I think I wrote to you that the Secretary had officially inquired of me by what authority I had written to Hon. Reverdy Johnston, a Senator, about military affairs, and that I had replied to him I did not require any authority to write a private letter to a friend, defending myself from slanders. When I saw Mr. Stanton I referred to this matter, when he told me his letter had been written in my interest; that I had made a great mistake in writing to Mr. Johnston, who was showing it to everybody, and making it appear he was my chosen champion; and that his political status was such that any identification with him could not fail to damage me and my cause. He said he was aware of how I had been led into the step, and all he wanted was just such a reply as I had made, which he would now show to Senators and Representatives when they called on him to know what my relations were with Reverdy Johnston. I fortunately met Mr. Johnston in the street, begged him to consider my letter strictly private, and borrowed it to copy for file in the War Department.

I think I told you I was very much pleased with General Grant. In the views he expressed to me he showed much more capacity and character than I had expected. I spoke to him very plainly about my position, offered to vacate the command of the Army of the Potomac, in case he had a preference for any other. This he declined in a complimentary speech, but indicated to me his intention, when in this part of the country, of being with my army. So that you may look now for the Army of the Potomac putting laurels on the brows of another rather than your husband.

Meade’s correspondence taken from The Life and Letters of George Gordon Meade, Major-General United States Army, Vol. 2, (New York: Charles Scribner’s Sons, 1913), pp. 177-8. Available via Google Books.

Congress (March 6, 1864)

Daniel Sickles commanded the III Corps at Gettysburg and began attacking Meade's reputation afterwards (Library of Congress).

Daniel Sickles commanded the III Corps at Gettysburg and began attacking Meade’s reputation afterwards (Library of Congress).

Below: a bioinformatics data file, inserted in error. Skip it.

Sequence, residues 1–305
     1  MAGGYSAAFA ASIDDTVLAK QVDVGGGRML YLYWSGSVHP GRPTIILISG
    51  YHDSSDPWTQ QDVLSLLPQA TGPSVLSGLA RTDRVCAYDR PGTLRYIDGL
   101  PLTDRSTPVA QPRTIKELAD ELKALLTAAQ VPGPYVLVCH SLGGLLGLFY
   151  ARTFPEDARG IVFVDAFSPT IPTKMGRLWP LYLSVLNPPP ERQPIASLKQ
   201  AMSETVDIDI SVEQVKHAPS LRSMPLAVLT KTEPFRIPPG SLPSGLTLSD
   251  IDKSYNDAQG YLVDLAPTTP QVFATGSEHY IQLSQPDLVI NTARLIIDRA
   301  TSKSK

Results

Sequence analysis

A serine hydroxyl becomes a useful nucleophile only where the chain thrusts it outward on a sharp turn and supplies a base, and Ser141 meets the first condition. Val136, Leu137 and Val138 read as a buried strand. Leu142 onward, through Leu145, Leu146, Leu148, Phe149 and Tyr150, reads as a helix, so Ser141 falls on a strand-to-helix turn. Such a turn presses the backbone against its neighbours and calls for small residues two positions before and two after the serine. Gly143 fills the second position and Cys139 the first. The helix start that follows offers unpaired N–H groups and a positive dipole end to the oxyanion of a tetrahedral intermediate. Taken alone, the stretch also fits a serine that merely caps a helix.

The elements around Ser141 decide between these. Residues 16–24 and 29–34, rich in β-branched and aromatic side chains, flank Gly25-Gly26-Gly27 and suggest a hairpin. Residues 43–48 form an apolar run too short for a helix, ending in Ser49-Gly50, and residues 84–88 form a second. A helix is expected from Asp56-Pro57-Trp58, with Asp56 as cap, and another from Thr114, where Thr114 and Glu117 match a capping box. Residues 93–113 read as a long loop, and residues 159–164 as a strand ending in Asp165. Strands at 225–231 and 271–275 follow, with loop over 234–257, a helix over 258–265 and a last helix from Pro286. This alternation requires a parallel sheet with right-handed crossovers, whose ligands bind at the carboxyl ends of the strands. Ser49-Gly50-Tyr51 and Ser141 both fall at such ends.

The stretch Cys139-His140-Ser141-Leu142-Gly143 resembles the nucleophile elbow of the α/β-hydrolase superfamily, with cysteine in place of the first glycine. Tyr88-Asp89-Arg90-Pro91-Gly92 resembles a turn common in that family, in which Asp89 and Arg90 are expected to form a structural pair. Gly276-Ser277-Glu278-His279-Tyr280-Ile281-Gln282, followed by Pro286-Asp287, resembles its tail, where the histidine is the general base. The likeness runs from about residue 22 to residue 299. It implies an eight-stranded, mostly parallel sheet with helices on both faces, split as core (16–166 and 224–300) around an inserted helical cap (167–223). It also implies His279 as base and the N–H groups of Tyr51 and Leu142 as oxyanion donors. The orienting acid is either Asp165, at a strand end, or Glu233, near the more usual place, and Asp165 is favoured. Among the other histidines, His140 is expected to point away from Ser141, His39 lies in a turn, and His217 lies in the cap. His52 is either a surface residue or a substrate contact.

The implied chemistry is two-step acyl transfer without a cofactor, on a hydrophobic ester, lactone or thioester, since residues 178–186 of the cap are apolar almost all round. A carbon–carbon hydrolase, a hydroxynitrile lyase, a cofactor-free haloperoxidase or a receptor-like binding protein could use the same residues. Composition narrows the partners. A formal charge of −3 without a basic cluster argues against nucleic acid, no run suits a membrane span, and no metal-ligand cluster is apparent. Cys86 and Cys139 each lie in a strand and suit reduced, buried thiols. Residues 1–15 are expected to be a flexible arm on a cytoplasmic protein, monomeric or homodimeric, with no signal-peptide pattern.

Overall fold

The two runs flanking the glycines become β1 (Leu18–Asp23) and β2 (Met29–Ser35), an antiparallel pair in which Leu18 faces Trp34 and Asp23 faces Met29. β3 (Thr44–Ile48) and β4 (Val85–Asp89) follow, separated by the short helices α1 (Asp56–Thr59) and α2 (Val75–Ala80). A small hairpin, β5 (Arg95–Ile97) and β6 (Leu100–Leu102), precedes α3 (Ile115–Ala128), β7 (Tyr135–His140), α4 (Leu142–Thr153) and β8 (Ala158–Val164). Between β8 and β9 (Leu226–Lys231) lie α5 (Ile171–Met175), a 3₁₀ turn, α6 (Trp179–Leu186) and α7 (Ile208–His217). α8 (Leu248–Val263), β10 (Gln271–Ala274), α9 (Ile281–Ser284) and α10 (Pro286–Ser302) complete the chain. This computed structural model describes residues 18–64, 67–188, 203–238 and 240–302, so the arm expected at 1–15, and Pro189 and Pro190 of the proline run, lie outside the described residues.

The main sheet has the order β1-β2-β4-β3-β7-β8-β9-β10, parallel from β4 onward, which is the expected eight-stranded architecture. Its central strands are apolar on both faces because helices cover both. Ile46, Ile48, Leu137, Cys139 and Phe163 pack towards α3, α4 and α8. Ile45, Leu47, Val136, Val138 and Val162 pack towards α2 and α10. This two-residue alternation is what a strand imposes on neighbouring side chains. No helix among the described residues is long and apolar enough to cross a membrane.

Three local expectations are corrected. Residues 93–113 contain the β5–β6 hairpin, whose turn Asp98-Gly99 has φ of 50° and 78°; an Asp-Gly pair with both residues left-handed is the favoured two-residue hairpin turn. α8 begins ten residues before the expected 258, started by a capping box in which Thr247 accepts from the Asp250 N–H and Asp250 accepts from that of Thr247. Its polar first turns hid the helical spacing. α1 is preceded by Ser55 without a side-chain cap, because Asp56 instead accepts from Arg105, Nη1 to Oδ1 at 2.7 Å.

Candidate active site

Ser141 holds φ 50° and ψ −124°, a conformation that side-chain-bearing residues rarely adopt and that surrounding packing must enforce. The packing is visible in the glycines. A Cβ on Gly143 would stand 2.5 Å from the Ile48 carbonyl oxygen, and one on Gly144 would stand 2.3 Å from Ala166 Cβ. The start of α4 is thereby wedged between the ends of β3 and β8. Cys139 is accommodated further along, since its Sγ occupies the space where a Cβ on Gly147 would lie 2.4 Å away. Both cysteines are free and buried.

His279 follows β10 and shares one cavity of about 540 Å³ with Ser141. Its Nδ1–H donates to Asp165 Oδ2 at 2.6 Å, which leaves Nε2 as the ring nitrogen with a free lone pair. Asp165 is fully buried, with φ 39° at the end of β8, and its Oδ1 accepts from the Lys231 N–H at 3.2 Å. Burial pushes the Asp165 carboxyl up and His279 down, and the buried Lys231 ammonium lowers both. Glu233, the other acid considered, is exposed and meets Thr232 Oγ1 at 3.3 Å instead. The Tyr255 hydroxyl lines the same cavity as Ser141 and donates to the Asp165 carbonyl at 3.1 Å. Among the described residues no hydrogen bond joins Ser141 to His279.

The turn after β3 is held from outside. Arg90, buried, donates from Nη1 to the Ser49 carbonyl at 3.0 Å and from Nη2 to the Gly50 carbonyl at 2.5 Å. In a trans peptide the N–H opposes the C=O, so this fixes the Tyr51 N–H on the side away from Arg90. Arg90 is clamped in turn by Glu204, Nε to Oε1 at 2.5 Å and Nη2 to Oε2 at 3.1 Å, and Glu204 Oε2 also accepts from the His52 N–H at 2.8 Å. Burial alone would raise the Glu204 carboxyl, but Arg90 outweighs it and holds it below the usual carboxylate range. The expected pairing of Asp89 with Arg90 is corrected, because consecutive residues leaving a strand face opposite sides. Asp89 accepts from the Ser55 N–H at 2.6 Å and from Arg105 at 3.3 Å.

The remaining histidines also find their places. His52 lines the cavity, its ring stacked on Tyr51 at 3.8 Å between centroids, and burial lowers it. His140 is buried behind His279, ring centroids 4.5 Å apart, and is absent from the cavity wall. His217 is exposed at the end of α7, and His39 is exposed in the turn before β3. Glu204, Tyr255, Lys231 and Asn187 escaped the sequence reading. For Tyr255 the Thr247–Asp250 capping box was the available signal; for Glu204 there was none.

We are now entering into a troubling time for George Gordon Meade, as he discovers his generalship is being questioned by the Joint Committee on the Conduct of the War, a Congressional body investigating the Union war effort. The driving forces behind the committee were Republican senators Zachariah Chandler of Michigan and Ben Wade of Ohio. Both of them despised General George McClellan and wanted to root out all taints of McClellanism from the Army of the Potomac. The found a willing ally in General Daniel Sickles, who had moved his III Corps forward at Gettysburg, lost a leg, and began spreading the story that Meade had intended to retreat from the battlefield; by helping precipitate the fighting on July 2, Sickles told people,  the III Corps had kept Meade from leaving. Other generals, including Abner Doubleday, also testified against Meade. Here’s what I write in Searching for George Gordon Meade: The Forgotten Victor of Gettysburg:

Starting in February 1864 and continuing through April, seventeen generals from the Army of the Potomac trooped through the Capitol’s corridors so they could testify in the basement room where members of the Joint Committee on the Conduct of the War examined its witnesses. They brought with them a collection of bruised egos, simmering resentments, and unrestrained ambition—leavened here and there by a dash of true patriotism and a desire to see more progress in the war.